Those numbers don't seem outrageous. I do think Johansson got lucky in that the guys he generally plays with may not be able to put up that sort of finishing long-term. But if he's playing with real top-six forwards, he should be getting that kind of help. He may just be able to maintain his own shooting% (which isn't super high relative to his shot location) and get good conversion from his help. He'll need to take more shots as the team gets better at possession and still be able to maintain their "quality."

Looking at all of this, I'm optimistic he'll give the team at least as much, if not more, offense (on a rate basis at 5v5: with Ribeiro and a healthy Backstrom, less ice time may me a big factor).

Minnesota has a ways to go. I can understand why so many outlets thought Minnesota improved so much. The Wild did, adding a 1D and the best American forward on the planet as of two years ago. But the Wild still finished well out of the playoff picture. Going by GVT, what might Suter and Parise add? 30 GVT combined? That's 5-6 wins, which will put the Wild on the edge of the playoff picture. Though adding Granlund will help, those additions will take ice time (and hence GVT) away from other players on that roster.

With Los Angeles, San Jose, Detroit, Chicago, St. Louis, and Vancouver as lock-y for the playoffs as any other team, all it takes is one or two teams to knock Minnesota out of the playoff picture entirely (I see that the Wild had injuries, but I also think their record overestimated their true talent level last year, too). I understand that Minnesota's luck could work the other way, but we all need to remember that the margin is thin. Those six Western Conference teams, plus Pittsburgh, Philadelphia, the New York Rangers, Washington, and Boston are the same class of "lock" for the postseason, leaving only five open playoff spots for the other 19 teams.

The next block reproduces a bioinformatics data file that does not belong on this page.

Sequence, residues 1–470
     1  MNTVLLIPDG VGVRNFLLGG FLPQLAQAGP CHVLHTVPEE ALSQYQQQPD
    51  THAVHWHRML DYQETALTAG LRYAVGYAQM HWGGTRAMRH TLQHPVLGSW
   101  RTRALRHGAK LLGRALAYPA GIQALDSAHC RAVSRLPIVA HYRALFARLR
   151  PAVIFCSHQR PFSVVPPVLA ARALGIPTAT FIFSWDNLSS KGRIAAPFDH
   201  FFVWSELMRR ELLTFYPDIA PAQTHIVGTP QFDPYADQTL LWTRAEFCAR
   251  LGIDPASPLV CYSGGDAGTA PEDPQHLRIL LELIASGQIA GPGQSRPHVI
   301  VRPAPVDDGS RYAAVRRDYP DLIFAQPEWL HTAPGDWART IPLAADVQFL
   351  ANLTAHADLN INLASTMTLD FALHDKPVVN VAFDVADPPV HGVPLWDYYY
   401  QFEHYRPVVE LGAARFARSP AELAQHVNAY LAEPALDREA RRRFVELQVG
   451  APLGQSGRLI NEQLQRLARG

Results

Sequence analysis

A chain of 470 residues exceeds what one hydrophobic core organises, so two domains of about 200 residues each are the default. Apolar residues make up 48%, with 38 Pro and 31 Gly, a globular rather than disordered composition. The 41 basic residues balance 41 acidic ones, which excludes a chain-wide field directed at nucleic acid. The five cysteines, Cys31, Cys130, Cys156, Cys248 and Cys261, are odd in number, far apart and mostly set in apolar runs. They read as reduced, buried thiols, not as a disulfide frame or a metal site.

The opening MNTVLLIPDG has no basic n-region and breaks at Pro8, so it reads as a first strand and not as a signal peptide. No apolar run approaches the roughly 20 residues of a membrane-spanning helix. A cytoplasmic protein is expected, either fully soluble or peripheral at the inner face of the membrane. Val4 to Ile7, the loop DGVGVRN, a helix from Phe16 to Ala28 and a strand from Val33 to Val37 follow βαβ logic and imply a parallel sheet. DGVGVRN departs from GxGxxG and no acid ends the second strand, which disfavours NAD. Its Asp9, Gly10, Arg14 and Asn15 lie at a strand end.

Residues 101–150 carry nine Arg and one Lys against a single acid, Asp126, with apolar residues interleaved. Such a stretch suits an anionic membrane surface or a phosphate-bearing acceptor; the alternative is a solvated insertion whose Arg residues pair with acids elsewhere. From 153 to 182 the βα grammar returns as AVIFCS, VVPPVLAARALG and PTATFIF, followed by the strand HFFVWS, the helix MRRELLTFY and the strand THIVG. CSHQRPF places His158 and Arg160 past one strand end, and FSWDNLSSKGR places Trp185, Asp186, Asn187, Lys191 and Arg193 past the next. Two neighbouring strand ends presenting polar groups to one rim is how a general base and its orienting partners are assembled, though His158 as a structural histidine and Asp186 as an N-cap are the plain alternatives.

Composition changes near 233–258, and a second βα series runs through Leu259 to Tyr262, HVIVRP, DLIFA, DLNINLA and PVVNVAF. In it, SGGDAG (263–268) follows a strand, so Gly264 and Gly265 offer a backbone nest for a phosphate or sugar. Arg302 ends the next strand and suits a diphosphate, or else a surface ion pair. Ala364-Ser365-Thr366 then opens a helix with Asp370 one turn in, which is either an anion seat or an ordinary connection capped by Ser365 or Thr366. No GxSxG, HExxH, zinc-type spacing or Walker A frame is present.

With Minnesota now spending to the cap to be less than a solid playoff team, is it any surprise so many people are less-than-ecstatic about those two signings? The clock is now ticking, since every year it takes to let Granlund, Coyle, Brodin, and company mature, the worse Parise, Koivu, Suter, and Minnesota's goaltending will get.

Nashville will be alright. Although Nashville was getting worse even before Suter left and Weber signed an offer sheet that was subsequently matched, David Poile has handled losing great D in the past. He's lost Scott Stevens (a HOF D), Kimmo Timonen (a 1D to this day), and Dan Hamhuis (a top-pair D), among others. Although Nashville will experience hiccups because of those losses, Poile-led teams have generally been able to produce goalie after goalie and defensemen. With Ryan Ellis, Roman Josi, Jonathon Blum, and Mattias Elkholm all prospects who project into top fours, even if Nashville lost Weber, I trust Poile would've handled the situation well and the Predators would be competitive again relatively quickly.

The Southeast division could be like the NL East. No outstanding team, but plenty of above-average ones. Washington and Carolina I think will make the playoffs. Tampa Bay improved the most critical skater deficiency it had, and even if Lindback is just "meh," that team should make the playoffs, with a strong top-four and top-six up front. Winnipeg was above 50% in Fenwick and adding Olli Jokinen plus continued growth from Evander Kane, Alex Burmistrov, and Zach Bogosian, that team could make the playoffs as a low seed that's a hot goalie away from a huge upset or two. And Florida is the defending division champion, too.